- It’s unclear how many “untouchable” players the Orioles have, but second baseman Jonathan Schoop, outfielder Trey Mancini and reliever Mychal Givens are among them, an executive from outside the organization told Kubatko at the Winter Meetings. The lone player of those three who’s not under control for the long haul is Schoop, who has two arbitration-eligible years remaining. The Orioles will attempt to extend him sometime soon, Kubatko suggests. Mancini is controllable for the next half-decade, including two pre-arb campaigns, while Givens is under wraps for four more seasons (he’ll be eligible for arbitration in a year).
- While talking Manny Machado with the Cardinals, the Orioles showed interest in a trio of right-handers – Luke Weaver, Jack Flaherty and Jordan Hicks – as well as catcher Carson Kelly, Kubatko relays. In acquiring Weaver and Flaherty, the Orioles would accomplish their goal of getting two major league-ready starters for their top player. Of course, it’s questionable whether the Cardinals would even part with one (let alone both) for a single year of Machado. Weaver held his own across 60 1/3 innings last season for the Cards, who may not be in position to lose another starter with free agent Lance Lynn likely set to depart, while Flaherty ranks as MLB.com’s 48th-best prospect.
- The Orioles are reportedly trying to acquire Royals left-hander Danny Duffy, but Kubatko throws cold water on the possibility. Baltimore is indeed interested in Duffy, but it’s unlikely a deal with Kansas City will come together, in part because the Royals aren’t “aggressively shopping” the soon-to-be 29-year-old, Kubatko hears.
- Although the Orioles are seeking a left-handed hitter, they don’t seem to have interest in free agent Jon Jay, per Kubatko. That differs from previous offseasons when Jay was on the O’s radar, he notes. Conversely, Baltimore could consider Preston Tucker, whom the Astros designated for assignment Friday.
Perhaps the Orioles’ willingness to trade Manny Machado isn’t a death sentence to their 2018 playoff aspirations. Bob Nightengale of USA Today Sports reports that although Baltimore is trying to trade their third baseman by the end of the week, they’re also “strongly pursuing” Royals starter Danny Duffy. It seems they could be looking to use a Machado trade as a means of retooling their major league roster, rather than go for an altogether rebuild. It’s all conjecture at this point, but in any case, the Orioles are in desperate need of good pitching, and although the southpaw Duffy spent some time on the DL last season, he posted quality results while on the mound despite a drop in strikeout rate from previous years. For the 2017 season, Duffy had a 3.81 ERA across 24 games started. Fangraphs estimated his value at 3.4 WAR.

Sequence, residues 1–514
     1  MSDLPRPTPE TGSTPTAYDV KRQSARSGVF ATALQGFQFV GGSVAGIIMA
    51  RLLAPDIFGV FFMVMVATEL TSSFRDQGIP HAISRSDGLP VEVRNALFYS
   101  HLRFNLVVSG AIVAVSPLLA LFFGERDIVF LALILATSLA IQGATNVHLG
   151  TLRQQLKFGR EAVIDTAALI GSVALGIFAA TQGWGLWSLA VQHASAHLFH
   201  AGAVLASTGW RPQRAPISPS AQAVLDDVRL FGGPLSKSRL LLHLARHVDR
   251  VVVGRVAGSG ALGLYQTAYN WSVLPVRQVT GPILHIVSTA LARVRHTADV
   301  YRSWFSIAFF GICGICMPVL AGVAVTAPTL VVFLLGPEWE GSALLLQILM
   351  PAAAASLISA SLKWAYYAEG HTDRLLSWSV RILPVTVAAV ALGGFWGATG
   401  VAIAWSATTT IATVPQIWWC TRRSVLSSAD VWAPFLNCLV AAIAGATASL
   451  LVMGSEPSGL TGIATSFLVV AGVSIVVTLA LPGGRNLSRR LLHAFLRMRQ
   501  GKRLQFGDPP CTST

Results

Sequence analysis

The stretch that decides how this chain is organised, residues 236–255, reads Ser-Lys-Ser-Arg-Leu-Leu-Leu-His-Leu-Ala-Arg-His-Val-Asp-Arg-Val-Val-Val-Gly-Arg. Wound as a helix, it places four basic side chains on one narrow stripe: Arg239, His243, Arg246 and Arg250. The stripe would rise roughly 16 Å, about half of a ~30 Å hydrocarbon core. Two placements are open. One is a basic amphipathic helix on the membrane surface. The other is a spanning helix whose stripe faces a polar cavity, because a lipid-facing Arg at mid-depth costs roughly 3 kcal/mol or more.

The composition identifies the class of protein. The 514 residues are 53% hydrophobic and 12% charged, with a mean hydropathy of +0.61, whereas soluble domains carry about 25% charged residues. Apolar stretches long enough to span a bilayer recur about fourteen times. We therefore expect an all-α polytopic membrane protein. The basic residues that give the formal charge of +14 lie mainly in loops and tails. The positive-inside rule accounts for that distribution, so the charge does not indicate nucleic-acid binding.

A couple more items out of Camden Yards…
- Dan Connolly of BaltimoreBaseball.com speaks at length about the Orioles in a video. At one point, he gives his insight on the dramatic shift in the O’s mindset regarding Manny Machado. “As late as Monday night, I talked to an Orioles official who said it was probably less than zero percent that Manny Machado would be traded before Opening Day,” Connolly says in the video. “And then… bam, everything changed.” Connolly wonders if perhaps the Orioles went into the winter meetings thinking that they had a great chance of improving their starting pitching (he mentions Mike Fiers and Tyler Chatwood as possible targets), but then felt disheartened when they watched their top choices go off the board. Since the Orioles don’t have the budget to play in “the stratosphere” of Jake Arrieta or Yu Darvish, they may have needed a new and bold strategy to get the pitching they’ll require to compete. One incredibly important disclaimer: Connolly admits he’s only speculating. Still, from my perspective, his logic adds up.
- Speaking of Machado, Orioles executive vice president Dan Duquette says he’ll consider dealing the prized third baseman even to an AL East division rival (via a piece by Eduardo A. Encina of the Baltimore Sun). Encina notes that the Yankees have shown interest in acquiring Machado, and I’d add that their farm system has some talented young pitching that could help the Orioles’ rotation. Baltimore isn’t a stranger to intra-divisional trades; as Encina points out, the O’s acquired Tim Beckham from the Rays at this past year’s trade deadline. He also includes quotes wherein Duquette mentions acquiring Andrew Miller from the Red Sox and Richard Bleier from the Yankees. Of course, none of these trades compare in magnitude to a hypothetical Machado swap, but it’s interesting to learn that Duquette is leaving the door wide open to this possibility. “I think you have to look at the entire market if you’re going to accurately assess the market,” he said in a video interview with the Baltimore Sun. “And the entire market would include teams in the American League East that we compete against.”
With a pair of relief signings being wrapped up, the Phillies seem to feel good about that aspect of their roster. Per MLB.com’s Todd Zolecki, via Twitter, the team will turn its gaze to improving the rotation. Both they and the Yankees checked in with the Diamondbacks regarding right-hander Zack Greinke, Robert Murray of FanRag writes. Greinke ending up with either club is unlikely, however, sources informed Murray. With the Rangers also having shown interest in Greinke, we now know at least three teams have inquired about the expensive 34-year-old this offseason.
Greinke is the latest hurler to land on the radar of the Yankees, who have also eyed Pirates righty Gerrit Cole. Consequently, the Bucs “are gathering names of young, controllable” Yankees they could acquire in a Cole deal, though there’s “nothing close,” Bill Brink of the Pittsburgh Post-Gazette reports (on Twitter). Notably, Brink adds that the Yankees are also “looking at” Rays righty Chris Archer. The 29-year-old has drawn significant interest this winter, but it’s unclear whether the Rays will move him.